Fetus In Peril? Batten Down the Hatches!

Amanda Marcotte

The main purpose of of Oklahoma's proposed self-defense bill for pregnant women is to create a long trail of laws that define a fetus as an "unborn child" that deserves state protection.

Fetus worship and self-defense fantasies (preferably with
guns) compete with each for the rank of most favorite right-wing fantasy of all.
As fantasies, they have a lot in common, since both are rooted in an
anxious masculinity that’s always about proving male power, either
over women’s bodies or through violence, especially with an unsubtle
phallic symbol.  But it took the imaginative Oklahoma legislature
to figure out a way to
put the two fantasies together.
 
Ladies and gentlemen, I present a brand new level of wingnuttery, the Use of Force for
the Protection of the Unborn Act
.   

At first glance, the title
would incline you to think Oklahoma is legalizing violence against workers
at women’s clinics that provide abortion, but actually, it’s a law
making it legal for pregnant women to defend themselves with fatal force
against attackers out to get their pregnancy.  The law should raise
a number of red flags, not the least being the redundancy–Oklahoma
already gives its citizens strong self-defense rights, including the
right to shoot first and ask questions later if someone is trespassing
on your property.  The law is supposedly in response to an incident
that happened in Michigan, where a pregnant woman killed her boyfriend
when he punched her in the stomach, and got jail time for it.   

Conservatives have become absolute
experts in the art of crafting disingenuous legislation that nominally
addresses women’s health and safety concerns while actually attacking
women’s reproductive rights.  This bill is no different; right out front, the bill references the depressing reality that is domestic
violence against pregnant women.  It’s true that pregnant women
are more likely to experience domestic violence than non-pregnant women,
and it’s true that the violence is often aimed directly at causing
the woman to miscarry, or at least fear it.  Domestic violence
is more about breaking someone down psychologically than anything else,
and scaring a woman with the potential of a horrible miscarriage is
just too juicy a target for many abusive men to ignore.   

But reading this bill, you
get the strong impression that the people who wrote it can’t bring
themselves to care about violence towards women, pregnant or not, because
it hurts women.  But if a fetus is in danger, pull out all the
stops!  If they actually cared about reducing the rate of domestic
violence experienced by pregnant women, they’d do a lot more than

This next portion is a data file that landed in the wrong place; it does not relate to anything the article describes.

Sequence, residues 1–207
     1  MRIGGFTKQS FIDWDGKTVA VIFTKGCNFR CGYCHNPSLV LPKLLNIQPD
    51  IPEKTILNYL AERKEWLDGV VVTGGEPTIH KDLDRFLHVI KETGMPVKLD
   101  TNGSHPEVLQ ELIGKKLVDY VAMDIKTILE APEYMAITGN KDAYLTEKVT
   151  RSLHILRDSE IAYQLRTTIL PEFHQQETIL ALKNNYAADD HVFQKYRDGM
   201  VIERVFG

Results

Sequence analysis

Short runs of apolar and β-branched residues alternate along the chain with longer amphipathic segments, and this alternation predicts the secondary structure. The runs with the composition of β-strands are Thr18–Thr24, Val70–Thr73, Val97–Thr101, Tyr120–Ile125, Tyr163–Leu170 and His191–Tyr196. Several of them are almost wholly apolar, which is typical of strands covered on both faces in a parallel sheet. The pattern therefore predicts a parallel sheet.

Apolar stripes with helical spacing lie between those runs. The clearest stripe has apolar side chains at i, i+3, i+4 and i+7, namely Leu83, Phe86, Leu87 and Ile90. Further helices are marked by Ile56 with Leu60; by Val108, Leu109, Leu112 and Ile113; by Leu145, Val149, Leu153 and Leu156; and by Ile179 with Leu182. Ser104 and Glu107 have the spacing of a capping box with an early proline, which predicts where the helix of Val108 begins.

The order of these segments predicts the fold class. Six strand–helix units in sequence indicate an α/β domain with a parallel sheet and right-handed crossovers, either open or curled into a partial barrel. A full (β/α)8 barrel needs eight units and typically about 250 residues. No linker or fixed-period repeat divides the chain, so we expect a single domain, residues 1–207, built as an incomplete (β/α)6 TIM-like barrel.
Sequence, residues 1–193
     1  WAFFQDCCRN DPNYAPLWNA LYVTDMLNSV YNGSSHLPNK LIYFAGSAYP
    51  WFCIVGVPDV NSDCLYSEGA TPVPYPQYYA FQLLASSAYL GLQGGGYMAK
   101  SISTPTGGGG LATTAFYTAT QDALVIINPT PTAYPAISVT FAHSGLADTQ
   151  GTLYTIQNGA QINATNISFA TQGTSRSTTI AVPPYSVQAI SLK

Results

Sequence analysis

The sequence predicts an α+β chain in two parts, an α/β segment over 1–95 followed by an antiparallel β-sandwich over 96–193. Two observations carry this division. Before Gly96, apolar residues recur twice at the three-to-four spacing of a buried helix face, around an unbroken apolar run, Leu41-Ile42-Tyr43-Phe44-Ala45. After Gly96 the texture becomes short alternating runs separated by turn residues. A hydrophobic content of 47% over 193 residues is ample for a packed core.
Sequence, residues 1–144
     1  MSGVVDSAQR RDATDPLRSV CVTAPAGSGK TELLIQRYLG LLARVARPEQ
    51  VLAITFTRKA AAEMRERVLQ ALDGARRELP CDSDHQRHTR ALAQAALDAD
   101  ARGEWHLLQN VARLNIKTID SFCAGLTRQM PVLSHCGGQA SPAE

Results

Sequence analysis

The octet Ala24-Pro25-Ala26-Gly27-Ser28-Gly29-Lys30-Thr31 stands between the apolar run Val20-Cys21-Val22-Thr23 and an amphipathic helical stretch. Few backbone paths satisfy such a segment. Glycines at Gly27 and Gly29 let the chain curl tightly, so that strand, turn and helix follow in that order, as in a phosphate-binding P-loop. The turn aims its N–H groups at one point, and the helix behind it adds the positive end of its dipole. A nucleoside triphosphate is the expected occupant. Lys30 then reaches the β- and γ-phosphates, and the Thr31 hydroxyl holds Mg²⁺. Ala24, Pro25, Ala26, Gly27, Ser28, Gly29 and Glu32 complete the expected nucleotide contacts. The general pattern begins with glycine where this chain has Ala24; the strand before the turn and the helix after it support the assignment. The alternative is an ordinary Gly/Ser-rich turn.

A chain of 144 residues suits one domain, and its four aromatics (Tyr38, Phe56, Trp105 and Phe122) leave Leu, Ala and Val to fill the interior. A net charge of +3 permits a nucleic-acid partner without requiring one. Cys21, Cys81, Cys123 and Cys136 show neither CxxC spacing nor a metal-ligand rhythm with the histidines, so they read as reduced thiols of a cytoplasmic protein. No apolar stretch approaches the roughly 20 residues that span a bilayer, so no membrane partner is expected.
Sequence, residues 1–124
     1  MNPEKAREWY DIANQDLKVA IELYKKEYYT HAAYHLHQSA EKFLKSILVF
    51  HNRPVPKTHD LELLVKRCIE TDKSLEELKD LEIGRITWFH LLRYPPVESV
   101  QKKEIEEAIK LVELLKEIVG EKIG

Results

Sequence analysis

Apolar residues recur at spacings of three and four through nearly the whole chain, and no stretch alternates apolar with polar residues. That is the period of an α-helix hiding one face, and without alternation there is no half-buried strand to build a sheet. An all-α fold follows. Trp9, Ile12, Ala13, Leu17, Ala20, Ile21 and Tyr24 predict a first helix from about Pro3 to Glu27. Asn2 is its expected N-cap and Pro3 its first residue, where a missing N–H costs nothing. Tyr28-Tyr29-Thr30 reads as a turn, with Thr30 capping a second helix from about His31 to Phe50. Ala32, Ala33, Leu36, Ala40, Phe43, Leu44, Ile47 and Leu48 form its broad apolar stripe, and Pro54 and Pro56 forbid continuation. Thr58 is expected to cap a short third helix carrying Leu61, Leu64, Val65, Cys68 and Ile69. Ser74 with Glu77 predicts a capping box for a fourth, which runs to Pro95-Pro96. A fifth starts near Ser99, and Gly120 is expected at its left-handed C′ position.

offer women the right to protect their fetuses with gunfire.  We
know what works, especially after years of seeing the Violence Against
Women Act in action–pregnant women who fear violence need services,
the community needs public education programs, and the police need to
be trained to deal with the specifics of violence against pregnant women.

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Of course, the main purpose
of this bill and others like it is to create a long trail of laws that
define a fetus as an "unborn child" that deserves state protection
equal and usually greater than that offered to real children.  
As a strategy, I’m not entirely sure that it’s as great as anti-choicers
seem to think it is.  It’s almost as if they hope that once a
certain number of laws with the words "unborn" in them are on the
books, some mystic scale will tilt and Roe v. Wade will be reversed. 
But so far, it appears that the strategy isn’t really working as planned
at all. 

Which doesn’t mean we shouldn’t
worry about it.  As a legal strategy, this may not work, but as
a cultural strategy, it’s effective in sending the message that women
don’t count nearly as much as the contents of our wombs.  There’s
not a lot of moral grand-standing from the right about protecting women
from domestic violence because women are human beings who deserve that
kind of protection.  But if a fetus is imperiled, batten down the
hatches!  This kind of erasing of women’s lives and concerns
is so ham-fisted that one would hope it would backfire, but unfortunately,
it doesn’t.  It’s incredibly effective at slowly erasing women’s
rights to be treated as full human beings. 

To make it worse, the whole
thing dumbs down the discourse on what real pro-woman activism should
look like.  If feminists criticize the legislation, right wingers
get to grandstand about how they’re the only people who care about
women’s right not to get beaten during pregnancy, which is obviously
untrue.  (I dare say that women have a right not to be beaten regardless
of their reproductive status.)  But legislation like this–or
legislation that purports to be protecting women by making them suffer
through a bunch of needless scripts and agitprop ultrasounds to get
an abortion, or moralizing lectures if they want contraception–instead
is about stereotyping women at best, and at worst, separating them into
categories of who does and doesn’t deserve basic protection against
violence and coercion.  The fierce mother bear protecting her pregnancy
gets state protection, but the supposed slutty woman who wants to protect
herself from unintended pregnancy (and her family from the consequences
of having more members than resources) gets nothing but obstacles and
harassment.   

Will the bill pass?  I’d
actually be surprised, though if something that springs so obviously
from the fevered wingnut imagination was going to pass any legislature,
it’ll probably be Oklahoma’s.  It’s tempting to say that
if the state wants a reputation as Crazytown, they can have it, but
unfortunately the direct victims are the women of the state who don’t
have an available path to move to places that are more accepting of
women’s basic rights.

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